Topeka The Rev. Fred Phelps and his followers won't have to worry in his home state about greater restrictions on protests at funerals of U.S. troops killed in combat. But it wasn't from the lack of lawmakers trying to come up with new regulations.
Legislators headed home Wednesday without sending a bill to Gov. Kathleen Sebelius because the House and Senate couldn't agree on how to deal with what legislators agreed was an embarrassment to the state.
Phelps is from Topeka and has staged protests at funerals of soldiers in his hometown and throughout the nation. He says their deaths are God's vengeance for the U.S. harboring homosexuals and that his protests are a form of religious expression.
The U.S. House approved legislation Tuesday restricting demonstrations at military funerals. Kansas was among 31 states considering legislation this year to restrict protest activities around funerals, according to the National Conference of State Legislatures.
Eleven enacted laws - Georgia, Indiana, Iowa, Kentucky, Mississippi, Missouri, Nebraska, Oklahoma, South Dakota, Virginia and Wisconsin. The American Civil Liberties Union is challenging the Kentucky law.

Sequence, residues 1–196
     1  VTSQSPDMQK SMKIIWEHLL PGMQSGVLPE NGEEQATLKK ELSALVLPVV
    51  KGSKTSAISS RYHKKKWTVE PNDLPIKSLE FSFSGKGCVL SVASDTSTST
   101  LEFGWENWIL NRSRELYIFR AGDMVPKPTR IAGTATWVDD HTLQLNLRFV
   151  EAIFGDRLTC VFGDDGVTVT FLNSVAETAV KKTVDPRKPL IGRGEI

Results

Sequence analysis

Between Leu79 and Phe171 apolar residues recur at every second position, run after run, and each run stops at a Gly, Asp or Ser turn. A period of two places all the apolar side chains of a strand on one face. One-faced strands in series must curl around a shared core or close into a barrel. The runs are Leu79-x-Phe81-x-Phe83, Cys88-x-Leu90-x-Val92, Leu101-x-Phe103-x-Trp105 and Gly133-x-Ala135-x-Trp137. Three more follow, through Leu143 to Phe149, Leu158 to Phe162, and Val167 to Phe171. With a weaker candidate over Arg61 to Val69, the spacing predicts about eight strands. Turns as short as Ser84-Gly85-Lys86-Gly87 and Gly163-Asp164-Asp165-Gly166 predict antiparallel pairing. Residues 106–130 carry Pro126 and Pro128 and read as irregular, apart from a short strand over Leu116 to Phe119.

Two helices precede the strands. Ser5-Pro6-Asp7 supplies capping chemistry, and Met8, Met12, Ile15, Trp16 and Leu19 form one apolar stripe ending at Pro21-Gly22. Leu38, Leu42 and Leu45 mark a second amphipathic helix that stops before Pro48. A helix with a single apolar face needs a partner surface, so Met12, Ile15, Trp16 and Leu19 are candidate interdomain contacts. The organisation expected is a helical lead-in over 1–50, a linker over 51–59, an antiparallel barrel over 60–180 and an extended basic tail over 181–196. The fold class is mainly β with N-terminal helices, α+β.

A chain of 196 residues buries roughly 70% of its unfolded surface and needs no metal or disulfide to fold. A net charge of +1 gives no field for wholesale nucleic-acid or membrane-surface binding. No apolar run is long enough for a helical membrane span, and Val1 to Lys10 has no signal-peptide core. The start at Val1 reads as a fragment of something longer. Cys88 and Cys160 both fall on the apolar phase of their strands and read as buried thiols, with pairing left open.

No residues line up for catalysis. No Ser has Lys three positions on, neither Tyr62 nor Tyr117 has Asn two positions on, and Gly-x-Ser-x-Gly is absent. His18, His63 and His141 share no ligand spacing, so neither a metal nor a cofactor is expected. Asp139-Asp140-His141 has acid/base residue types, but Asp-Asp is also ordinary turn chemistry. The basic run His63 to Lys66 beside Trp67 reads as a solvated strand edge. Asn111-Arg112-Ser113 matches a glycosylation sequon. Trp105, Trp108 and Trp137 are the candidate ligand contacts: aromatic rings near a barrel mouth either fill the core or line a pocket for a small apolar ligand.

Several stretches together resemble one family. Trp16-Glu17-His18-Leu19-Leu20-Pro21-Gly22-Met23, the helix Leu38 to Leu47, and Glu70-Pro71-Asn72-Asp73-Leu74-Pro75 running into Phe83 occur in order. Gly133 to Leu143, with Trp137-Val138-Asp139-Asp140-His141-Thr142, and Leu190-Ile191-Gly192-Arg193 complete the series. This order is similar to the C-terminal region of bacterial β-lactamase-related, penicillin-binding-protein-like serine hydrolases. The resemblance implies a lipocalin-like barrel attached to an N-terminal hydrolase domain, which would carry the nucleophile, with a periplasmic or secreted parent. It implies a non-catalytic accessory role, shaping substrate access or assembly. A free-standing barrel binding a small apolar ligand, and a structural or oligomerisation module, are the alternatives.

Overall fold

"I find it a little ironic that nationally, they can come together on a bill and we can't mobilize the kind of will in Kansas to make a similar statement," Sebelius said during a news conference. "Picketing funerals of soldiers is despicable."
Kansas lawmakers were in two distinct camps on how to deal with Phelps. The Senate took a cautious stance about passing something that could withstand a court challenge; the House seemed to welcome such a fight.
"Kansas has many years of experience of dealing with this crowd, so there are very strong feelings," said Senate Majority Leader Derek Schmidt, R-Independence.
Phelps had threatened to sue if he felt any attempt was being made to restrict free speech rights of himself and followers from his Westboro Baptist Church.
"The very last thing we should risk is handing a legal victory to the Phelps group and risk paying them taxpayers dollars in the form of damages," Schmidt said.
Schmidt said the issue will be back next year.
Under current state law, it is illegal to picket "before or about" a funeral service one hour before, during or two hours after the service starts. Violators face up to six months in jail and $1,000 fine.
The legislation was doomed last week after the House rejected a compromise to restrict protests to no closer than 500 feet to a funeral one hour before, during or two hours after the service. It exempted streets, sidewalks and other public spaces, because the U.S. Supreme Court has ruled those areas are public venues.